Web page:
Shareholder abuser Yukos seeks to win over sceptical oil investors
Investors' memories are notoriously short but a 1,000% increase in the share price of Yukos, Russia's second largest oil company and its most notorious shareholder rights abuser, seems to denote nothing less than mass amnesia.
Yukos has been on a charm offensive since the start of the year and investors are beginning to buy. What is changing attitudes is not so much the hype as the company's performance. To encourage investors' confidence that the company intends to put its money where its mouth is, it paid out $100 million in dividends in September: a rare event in Russia.
"It is now clear that management are going to develop this company," says Eric Wigertz, an analyst with Brunswick Warburg in Moscow, "and I believe that now they are interested in realizing shareholder value."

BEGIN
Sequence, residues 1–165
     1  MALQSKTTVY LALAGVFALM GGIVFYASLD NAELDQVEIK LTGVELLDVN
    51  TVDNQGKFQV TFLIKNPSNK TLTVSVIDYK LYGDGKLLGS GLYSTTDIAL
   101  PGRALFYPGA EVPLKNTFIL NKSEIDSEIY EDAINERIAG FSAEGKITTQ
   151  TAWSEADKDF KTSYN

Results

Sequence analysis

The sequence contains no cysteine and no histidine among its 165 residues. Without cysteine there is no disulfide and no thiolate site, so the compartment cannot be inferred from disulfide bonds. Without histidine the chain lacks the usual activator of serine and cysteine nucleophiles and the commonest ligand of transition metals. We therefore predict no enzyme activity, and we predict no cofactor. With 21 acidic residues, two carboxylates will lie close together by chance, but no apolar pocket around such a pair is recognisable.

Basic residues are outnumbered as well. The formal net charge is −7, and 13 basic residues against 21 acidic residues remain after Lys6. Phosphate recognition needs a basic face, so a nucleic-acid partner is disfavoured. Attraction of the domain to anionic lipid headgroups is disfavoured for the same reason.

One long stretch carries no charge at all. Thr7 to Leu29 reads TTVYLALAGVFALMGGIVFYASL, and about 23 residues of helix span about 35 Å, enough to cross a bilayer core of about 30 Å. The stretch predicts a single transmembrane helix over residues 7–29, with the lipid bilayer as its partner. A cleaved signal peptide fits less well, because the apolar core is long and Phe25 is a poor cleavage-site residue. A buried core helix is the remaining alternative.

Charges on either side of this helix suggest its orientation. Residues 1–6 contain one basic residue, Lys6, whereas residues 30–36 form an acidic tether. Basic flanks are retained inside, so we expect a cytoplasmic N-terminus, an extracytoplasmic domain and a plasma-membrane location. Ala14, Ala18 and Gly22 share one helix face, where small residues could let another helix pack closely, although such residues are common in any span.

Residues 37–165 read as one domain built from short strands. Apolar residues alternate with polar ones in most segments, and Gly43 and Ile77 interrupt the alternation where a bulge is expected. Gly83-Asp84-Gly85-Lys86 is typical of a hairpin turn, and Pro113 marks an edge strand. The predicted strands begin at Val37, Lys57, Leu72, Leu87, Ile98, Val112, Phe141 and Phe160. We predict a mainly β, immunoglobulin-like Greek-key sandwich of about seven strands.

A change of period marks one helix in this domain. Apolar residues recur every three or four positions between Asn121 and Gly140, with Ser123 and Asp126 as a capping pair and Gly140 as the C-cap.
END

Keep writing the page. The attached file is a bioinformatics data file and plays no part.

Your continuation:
Management is thought to hold between 65% and 85% of the stock. Currently trading at about one and half times earnings, Yukos could be worth a lot more than it is presently.
Yukos reported $1.4 billion profit in 1999 and this year issued for the First time three years of international standard (GAAP) accounts. The lack of transparent accounting has long been a big complaint of foreigners investing in Russia.